Yanovski JA, Yanovski SZ, Sovik KN, Nguyen TT, O’Neil PM, & Sebring NG (2000). A prospective study of holiday weight gain. The New England Journal of Medicine, 342 (12), 861-7.
Ma Y; Olendzki BC; Li W; Hafner AR; Chiriboga D; Hebert JR; Campbell M; Sarnie M; Ockene IS (2006). Seasonal variation in food intake, physical activity, and body weight in a predominantly overweight population. European Journal of Clinical Nutrition, 60(4):519-28.
Hull HR, Hester CN, Fields DA (2006). The effect of the holiday season on body weight and composition in college students. Nutrition & Metabolism, 3:44.

Wednesday, December 21, 2011

My Winter Network News Article

Healthy Holiday Habits
By Stephanie Wheler, Something Nutrishus Counselling & Coaching
From the Saskatoon Women's Network Newsletter, December - January 2012

For many people the holiday season means lots of family, friends, fun, and FOOD!  We can probably all easily identify a favourite or traditional holiday food that we enjoy and look forward to.  This holiday season, don’t deprive yourself of your favourites, enjoy them with my three favourite words – VARIETY, MODERATION, and BALANCE.

I love Christmas baking, our traditional Christmas morning cinnamon buns, and a turkey dinner to top it all off.  These foods can fit into your holiday festivities; it just takes some planning and preparation.  You can think about having a calorie budget for the day, so make sure you spend your calories wisely.  Many people feel that they need to deprive themselves of their favourites, but this often leads to an over-indulgence of that item later on or of other foods as we try to mask our craving.  How can you make your favourite treats fit?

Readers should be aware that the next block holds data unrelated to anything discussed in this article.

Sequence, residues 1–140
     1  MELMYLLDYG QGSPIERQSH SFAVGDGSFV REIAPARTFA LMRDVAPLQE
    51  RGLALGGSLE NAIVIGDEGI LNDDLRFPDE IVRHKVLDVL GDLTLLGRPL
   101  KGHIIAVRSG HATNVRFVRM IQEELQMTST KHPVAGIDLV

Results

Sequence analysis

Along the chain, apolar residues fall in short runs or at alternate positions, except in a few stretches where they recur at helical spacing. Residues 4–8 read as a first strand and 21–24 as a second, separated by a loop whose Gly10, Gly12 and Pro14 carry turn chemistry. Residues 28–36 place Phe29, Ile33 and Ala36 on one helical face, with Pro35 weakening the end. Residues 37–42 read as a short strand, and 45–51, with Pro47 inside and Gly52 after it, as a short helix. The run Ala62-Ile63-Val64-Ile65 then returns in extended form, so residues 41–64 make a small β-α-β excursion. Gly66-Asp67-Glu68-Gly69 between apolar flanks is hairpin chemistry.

Stick to your routine
Eat regular meals and snacks to keep your blood sugar and cravings under control.  If you’re skipping meals you may end up losing control when you see a table full of food.  You can also try eating a light, healthy meal before going to a holiday event to help you have control over your choices. 

Be selective
Certain foods might only come out certain times of the year for you, so this is a good time to enjoy those treats.  Skip the familiar foods in order to keep your calorie intake in check and have room for the special foods.  Once you have what you want, make sure you remove yourself from temptation; don’t set up camp at the dessert table.

Find other ways to socialize
Start a new tradition that involves an activity such as walking, skating, skiing or a hockey game to help you burn off some of those calories, but also to get away from the house full of food.

Make the occasional swap
Choose raw veggies and dip or shrimp and cocktail sauce instead of fried appetizers.  Try club soda with lime rather that your normal soda. 

Control your portions
Often just a taste can satisfy curiosity.  If something comes in a larger portion, feel free to share it with someone, but also remember that you aren’t part of the ‘clean plate club’ and it’s okay to not finish what you took.

Be realistic with yourself and your goals.  The holiday season is only a small part of the year.  It’s important to think about the food choices you’re making between New Year’s and Christmas, not just to worry and feel guilty about the choices between Christmas and New Year’s!

Happy Eating!

Tuesday, December 20, 2011

Appetizer Q's Day